“They want to ascribe the human toll throughout the region just to the United States involvement,” he said of the study authors.
The report lists among those killed: 4,600 troops and 15 Defense Department civilians, 3,650 contractors, 282 members of the media and 64 non-governmental organization humanitarian workers. In Syria, another 19 contractors, 75 media members and 227 NGO workers have died.
The report then factors in national military and police, other allied troops, civilians and opposition fighters, using admittedly broad estimates, for an overall total of between 550,000 and 580,000 deaths.
“The difficulty in determining the total number of civilian deaths is related to whether those deaths have been documented, and sometimes whether a person is classed as a civilian/non-combatant, or if their status is uncertain,” according to the report.
Further, the number of non-international combatants killed on all sides is uncertain: adversaries have incentives to deflate their own casualties and inflate the other sides’ casualties.”
Other researchers have attempted to compile the human costs of the war over the past two decades, though estimates always come with the caveat that they’re based on surveys or extrapolations of violence as a result of Iraq’s destabilization.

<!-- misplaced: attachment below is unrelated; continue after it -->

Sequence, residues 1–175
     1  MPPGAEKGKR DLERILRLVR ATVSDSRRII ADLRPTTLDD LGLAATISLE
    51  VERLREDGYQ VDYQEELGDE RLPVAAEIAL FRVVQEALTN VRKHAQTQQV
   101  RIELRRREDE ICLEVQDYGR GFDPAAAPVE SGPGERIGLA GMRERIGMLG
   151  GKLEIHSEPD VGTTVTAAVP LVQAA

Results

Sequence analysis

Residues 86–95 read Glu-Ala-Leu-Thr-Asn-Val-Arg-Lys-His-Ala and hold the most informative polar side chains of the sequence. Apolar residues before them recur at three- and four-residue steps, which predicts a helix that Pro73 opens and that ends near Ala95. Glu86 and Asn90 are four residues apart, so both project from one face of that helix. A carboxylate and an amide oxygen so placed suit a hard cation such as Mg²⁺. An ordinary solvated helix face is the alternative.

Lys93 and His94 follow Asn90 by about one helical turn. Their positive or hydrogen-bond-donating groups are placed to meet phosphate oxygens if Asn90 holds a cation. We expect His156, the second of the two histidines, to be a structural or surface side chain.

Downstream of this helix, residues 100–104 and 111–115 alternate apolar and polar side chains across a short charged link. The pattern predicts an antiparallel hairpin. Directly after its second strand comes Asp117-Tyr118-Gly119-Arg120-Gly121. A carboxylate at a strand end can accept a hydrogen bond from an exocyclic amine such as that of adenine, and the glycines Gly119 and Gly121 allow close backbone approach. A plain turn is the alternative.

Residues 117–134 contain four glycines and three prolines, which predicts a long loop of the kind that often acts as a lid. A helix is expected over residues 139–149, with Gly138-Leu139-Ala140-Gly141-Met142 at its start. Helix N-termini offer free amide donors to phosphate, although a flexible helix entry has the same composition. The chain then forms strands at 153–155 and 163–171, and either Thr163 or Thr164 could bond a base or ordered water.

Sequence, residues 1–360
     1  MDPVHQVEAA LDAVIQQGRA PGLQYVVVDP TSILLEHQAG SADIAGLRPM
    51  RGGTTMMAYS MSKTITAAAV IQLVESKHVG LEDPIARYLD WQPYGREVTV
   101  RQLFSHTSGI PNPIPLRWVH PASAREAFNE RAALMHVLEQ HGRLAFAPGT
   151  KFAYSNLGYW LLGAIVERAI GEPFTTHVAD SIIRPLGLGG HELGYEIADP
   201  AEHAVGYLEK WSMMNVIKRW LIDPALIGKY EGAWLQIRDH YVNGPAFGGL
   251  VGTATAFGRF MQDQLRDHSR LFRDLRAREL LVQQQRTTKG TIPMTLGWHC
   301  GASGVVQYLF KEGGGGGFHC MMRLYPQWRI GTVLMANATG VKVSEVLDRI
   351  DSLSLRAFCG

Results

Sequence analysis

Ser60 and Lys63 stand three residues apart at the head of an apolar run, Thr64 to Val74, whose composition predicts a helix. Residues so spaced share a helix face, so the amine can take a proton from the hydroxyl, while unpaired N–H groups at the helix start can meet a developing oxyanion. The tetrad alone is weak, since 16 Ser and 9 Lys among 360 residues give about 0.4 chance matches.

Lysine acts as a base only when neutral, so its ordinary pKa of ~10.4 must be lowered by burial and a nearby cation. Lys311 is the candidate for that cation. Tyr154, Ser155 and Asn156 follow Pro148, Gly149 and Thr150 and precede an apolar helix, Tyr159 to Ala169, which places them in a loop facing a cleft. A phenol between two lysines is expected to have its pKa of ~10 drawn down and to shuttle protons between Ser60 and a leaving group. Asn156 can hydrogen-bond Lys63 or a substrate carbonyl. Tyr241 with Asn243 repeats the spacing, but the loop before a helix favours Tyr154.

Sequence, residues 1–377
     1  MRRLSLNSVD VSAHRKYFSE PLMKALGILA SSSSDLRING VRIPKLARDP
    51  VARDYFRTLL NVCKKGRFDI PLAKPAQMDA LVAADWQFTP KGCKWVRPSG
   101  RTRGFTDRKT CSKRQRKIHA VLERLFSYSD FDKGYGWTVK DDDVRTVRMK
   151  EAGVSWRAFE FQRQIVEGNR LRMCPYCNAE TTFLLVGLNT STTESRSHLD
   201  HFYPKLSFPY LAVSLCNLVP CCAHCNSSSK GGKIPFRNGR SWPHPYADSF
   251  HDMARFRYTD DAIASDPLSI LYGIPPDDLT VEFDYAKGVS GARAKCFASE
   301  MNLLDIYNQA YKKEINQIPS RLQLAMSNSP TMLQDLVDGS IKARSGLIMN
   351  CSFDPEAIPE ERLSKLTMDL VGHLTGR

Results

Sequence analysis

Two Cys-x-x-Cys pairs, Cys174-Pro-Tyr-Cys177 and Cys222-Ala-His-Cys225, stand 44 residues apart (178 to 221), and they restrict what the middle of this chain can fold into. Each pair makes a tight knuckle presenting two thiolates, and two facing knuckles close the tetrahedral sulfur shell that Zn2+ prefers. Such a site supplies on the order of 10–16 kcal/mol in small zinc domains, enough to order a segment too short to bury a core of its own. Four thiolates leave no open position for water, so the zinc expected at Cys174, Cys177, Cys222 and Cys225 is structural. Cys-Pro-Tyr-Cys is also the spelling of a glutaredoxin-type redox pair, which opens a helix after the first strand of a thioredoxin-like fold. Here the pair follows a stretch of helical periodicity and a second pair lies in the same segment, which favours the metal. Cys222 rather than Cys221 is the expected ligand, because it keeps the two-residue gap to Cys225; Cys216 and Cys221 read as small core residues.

PLOS Medicine estimated in 2013, based on surveys of 2,000 Iraqi households, that the U.S. operation from 2004 to 2011 resulted in more than 400,000 excess deaths. IraqBodyCount.org estimates between 180,000 and 210,000 civilian deaths since 2003, based on public record keeping.
The study authors explain the bipartisan congressional support for funding the lengthy conflict on a “‘rally around the flag’ effect — where members of Congress during the Bush, Obama, Trump and Biden administrations wanted to be seen to be supporting U.S. troops,” according to the paper.
Examples include President Barack Obama’s $664 billion Pentagon budget request for 2010, which Congress bumped up to $691 billion. Post-ISIS, a 2018 Trump administration budget request got $61 billion extra in the final appropriations law; and $22.5 billion and $45 billion extra in the 2021 and 2022 requests by the Biden administration.
The Pentagon’s budget has continued to swell even as spending on fighting wars has decreased, the report found, thanks to outsourcing services to private contractors, modernizing military equipment, growing personnel costs through pay raises and allowances, and the cost of health care for troops and veterans.
As the March 19 Operation Iraqi Freedom anniversary approaches, lawmakers are pushing a vote to repeal the authorization of military force that facilitated the subsequent war in Iraq, absent a formal declaration of war.
The Senate on Thursday voted 67-27 to repeal both the 2002 and 1991 authorizations, which go all the way back to Operation Desert Storm. Both President Joe Biden and Defense Secretary Lloyd Austin have signaled support for the vote.
Meghann Myers is the Pentagon bureau chief at Military Times. She covers operations, policy, personnel, leadership and other issues affecting service members.